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#2444852 - 10/11/12 05:44 PM Re: A Bach Thread [Re: non c'e futuro]
Randy Skolnik Offline
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I learned Bach's "Prelude and Fugue in C major" on the organ, when I was a teenager (many moons ago). It sound good on the piano as well (without the bass line). Bach has influenced my compositions over the years. Sometimes when I perform a Bach tune, I can feel "his spirit" taking over my hands. I'm sure it's just my imagination, but that is what great music can do to you!
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#2444854 - 10/11/12 05:58 PM Re: A Bach Thread [Re: David Loving]
marino Offline
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Registered: 10/20/00
Posts: 7843
Loc: Rome, Italy
Originally Posted By: daviel
Here's some Bach for you--

Marino's "Bach to the Future"

Thanks a lot Daviel. smile
Only thing, you linked to one of the only two pieces on the album that aren't Bach pieces! I have had the impudence of including two pieces of mine in that work, written "in style" and humbly dedicated to the Master.

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#2444864 - 10/11/12 08:34 PM Re: A Bach Thread [Re: marino]
David Loving Offline
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Registered: 12/11/00
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My mistake! I thought 99 cents was too cheap.

The Complete Album

A regular on my iPod rotation


Edited by daviel (10/11/12 08:34 PM)
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#2454797 - 12/07/12 08:08 AM Re: A Bach Thread [Re: David Loving]
CEB Offline
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Adding this here for future reference.

Too rushed but would make a killer octave study. I may try this if my wrists will take it. Age ( or bad technique) is catching up with me lately.

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#2454833 - 12/07/12 09:14 AM Re: A Bach Thread [Re: CEB]
RABid Offline
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I prefer keys where the root is a natural and the 3 is sharp or flat. Those fit my hand as middle fingers stick out further than my thumb. I don't like keys where 1 and 5 are black and 3 is white.

I wish I had appreciated Bach more when I was taking lessons in school. There is a lot to learn with the fingering and the use of accidentals.
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#2455013 - 12/08/12 02:05 AM Re: A Bach Thread [Re: RABid]
yannis D Offline
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Thanx CEB, Gavrilov is a monster pianist. I still remember an old vinyl of him playing Prokofiev's 1st piano concerto.., .Angela Hewitt is a fantastic player as well. I would add Tatjana Nikolayevna, the teacher of many great Russian pianists and a fantastic interpreter of Bach's music herself.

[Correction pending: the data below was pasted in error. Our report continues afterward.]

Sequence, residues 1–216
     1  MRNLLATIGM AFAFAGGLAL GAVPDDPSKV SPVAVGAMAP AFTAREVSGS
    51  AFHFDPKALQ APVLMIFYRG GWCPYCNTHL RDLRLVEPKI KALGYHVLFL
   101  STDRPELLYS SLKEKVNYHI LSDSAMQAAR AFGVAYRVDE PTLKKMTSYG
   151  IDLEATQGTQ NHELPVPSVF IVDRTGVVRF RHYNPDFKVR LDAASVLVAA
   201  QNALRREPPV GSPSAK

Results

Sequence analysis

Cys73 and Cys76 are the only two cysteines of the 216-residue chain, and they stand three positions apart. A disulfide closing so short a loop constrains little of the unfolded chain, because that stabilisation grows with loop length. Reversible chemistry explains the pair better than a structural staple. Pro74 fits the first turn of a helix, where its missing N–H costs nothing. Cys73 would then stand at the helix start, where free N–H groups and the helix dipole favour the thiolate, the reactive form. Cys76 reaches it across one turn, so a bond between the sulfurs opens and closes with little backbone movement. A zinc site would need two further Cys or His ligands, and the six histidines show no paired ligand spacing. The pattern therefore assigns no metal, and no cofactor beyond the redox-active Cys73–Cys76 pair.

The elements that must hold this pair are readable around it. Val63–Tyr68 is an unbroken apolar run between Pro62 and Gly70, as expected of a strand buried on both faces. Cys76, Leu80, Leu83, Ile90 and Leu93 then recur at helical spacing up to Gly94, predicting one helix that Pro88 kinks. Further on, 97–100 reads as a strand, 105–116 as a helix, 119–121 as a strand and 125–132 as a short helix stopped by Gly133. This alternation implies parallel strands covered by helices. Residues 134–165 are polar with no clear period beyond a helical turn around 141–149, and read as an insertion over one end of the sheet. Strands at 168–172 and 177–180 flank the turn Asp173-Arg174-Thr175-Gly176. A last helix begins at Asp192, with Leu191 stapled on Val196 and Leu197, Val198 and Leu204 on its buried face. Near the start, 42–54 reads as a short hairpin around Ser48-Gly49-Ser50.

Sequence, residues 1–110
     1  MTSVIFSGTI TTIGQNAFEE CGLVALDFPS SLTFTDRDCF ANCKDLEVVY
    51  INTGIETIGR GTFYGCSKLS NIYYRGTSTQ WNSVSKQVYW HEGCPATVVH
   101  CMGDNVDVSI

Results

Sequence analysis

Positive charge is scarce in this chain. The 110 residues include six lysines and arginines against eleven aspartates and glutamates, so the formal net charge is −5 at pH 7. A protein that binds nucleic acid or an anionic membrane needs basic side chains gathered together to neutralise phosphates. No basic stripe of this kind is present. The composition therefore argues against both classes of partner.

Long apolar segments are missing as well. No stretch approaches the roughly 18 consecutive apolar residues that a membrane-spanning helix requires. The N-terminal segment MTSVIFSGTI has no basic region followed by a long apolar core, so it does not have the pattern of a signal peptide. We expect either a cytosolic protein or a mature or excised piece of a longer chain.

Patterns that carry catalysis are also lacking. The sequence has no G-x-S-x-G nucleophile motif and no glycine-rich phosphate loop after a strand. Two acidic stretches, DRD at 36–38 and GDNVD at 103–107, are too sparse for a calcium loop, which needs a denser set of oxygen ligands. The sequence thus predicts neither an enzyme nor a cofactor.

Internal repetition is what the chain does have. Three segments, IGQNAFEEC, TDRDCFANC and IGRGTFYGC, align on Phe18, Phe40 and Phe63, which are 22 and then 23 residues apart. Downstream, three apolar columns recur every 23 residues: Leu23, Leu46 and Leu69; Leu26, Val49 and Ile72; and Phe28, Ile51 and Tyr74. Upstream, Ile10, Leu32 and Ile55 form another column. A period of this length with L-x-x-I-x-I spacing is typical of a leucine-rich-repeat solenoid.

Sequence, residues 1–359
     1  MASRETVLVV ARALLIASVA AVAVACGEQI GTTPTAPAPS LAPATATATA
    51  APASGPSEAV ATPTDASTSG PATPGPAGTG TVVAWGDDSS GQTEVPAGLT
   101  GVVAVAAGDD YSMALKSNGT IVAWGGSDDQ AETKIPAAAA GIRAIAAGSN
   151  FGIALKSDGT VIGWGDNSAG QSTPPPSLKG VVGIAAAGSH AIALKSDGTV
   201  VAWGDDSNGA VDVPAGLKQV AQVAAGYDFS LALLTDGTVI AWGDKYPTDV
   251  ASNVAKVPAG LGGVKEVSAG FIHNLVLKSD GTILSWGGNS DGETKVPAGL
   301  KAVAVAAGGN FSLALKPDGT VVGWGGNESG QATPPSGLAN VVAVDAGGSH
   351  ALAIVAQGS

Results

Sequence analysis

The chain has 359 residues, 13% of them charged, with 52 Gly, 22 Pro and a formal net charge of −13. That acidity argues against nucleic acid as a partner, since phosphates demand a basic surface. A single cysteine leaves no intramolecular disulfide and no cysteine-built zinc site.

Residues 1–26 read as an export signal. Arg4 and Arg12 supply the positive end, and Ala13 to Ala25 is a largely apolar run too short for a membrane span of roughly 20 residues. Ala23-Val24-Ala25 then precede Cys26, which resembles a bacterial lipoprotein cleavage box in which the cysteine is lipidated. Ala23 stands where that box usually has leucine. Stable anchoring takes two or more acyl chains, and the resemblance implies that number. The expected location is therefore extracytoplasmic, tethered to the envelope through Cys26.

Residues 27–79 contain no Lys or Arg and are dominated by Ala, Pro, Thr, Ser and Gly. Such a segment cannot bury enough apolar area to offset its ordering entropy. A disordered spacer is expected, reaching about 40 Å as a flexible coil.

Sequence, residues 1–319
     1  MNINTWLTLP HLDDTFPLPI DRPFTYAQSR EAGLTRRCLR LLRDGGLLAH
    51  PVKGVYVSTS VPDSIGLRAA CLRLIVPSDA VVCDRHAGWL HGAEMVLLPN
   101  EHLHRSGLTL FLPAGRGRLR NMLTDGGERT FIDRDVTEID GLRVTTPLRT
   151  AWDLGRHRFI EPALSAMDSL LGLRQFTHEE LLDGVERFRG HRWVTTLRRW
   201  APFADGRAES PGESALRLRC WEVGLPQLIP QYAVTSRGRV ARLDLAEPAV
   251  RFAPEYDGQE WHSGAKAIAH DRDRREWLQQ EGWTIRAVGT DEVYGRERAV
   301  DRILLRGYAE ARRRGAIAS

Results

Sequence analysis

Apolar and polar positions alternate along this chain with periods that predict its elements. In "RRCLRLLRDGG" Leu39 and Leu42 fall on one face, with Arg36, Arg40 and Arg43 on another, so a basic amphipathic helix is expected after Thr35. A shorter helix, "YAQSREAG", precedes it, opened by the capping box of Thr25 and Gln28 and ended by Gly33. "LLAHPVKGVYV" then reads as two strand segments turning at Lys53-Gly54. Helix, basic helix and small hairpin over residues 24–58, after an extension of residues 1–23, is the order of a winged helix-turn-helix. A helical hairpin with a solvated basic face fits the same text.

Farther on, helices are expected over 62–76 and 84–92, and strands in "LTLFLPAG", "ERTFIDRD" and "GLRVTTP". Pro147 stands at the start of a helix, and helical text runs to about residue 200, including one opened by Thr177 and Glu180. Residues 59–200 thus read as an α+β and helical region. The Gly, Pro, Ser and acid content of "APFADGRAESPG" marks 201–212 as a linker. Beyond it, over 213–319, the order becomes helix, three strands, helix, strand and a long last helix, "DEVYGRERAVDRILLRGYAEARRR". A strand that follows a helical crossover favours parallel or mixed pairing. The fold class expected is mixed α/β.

Edited by yannis D (12/08/12 02:12 AM)
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#2455078 - 12/08/12 09:43 AM Re: A Bach Thread [Re: yannis D]
SteveCoscia Offline
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Registered: 01/26/12
Posts: 559
Loc: Philadelphia, PA USA
Years ago, I memorized the 3rd Movement of Bach's Italian Concerto. A terrific composition with a bright melody and it was also a great left hand workout. Learning Bach's Italian Concerto had a positive influence on my playing.

When there a lull on stage or the crew needed a few minutes, I'd play it using the ARP 4 Voice Piano's harpsichord tone. Fun times. This thread has inspired me to find the sheet music.
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#2455154 - 12/08/12 03:34 PM Re: A Bach Thread [Re: SteveCoscia]
Dave Ferris Offline
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Originally Posted By: SteveCoscia
Years ago, I memorized the 3rd Movement of Bach's Italian Concerto. A terrific composition with a bright melody and it was also a great left hand workout. Learning Bach's Italian Concerto had a positive influence on my playing.

When there a lull on stage or the crew needed a few minutes, I'd play it using the ARP 4 Voice Piano's harpsichord tone. Fun times. This thread has inspired me to find the sheet music.


Try the Henle-Verlag edition on the Italian Concerto.

Oh yeah +100. The IC was the first major classical piece I attempted to learn in my early 20s. Yes the 3rd movement is joyous without question. I find the Andante section equally has beautiful.

My favorite recording of this piece is Alfred Brendel


Also no Bach keyboard thread cannot be complete without mentioning Rosalyn Tureck, which Jazz + did earlier in the thread.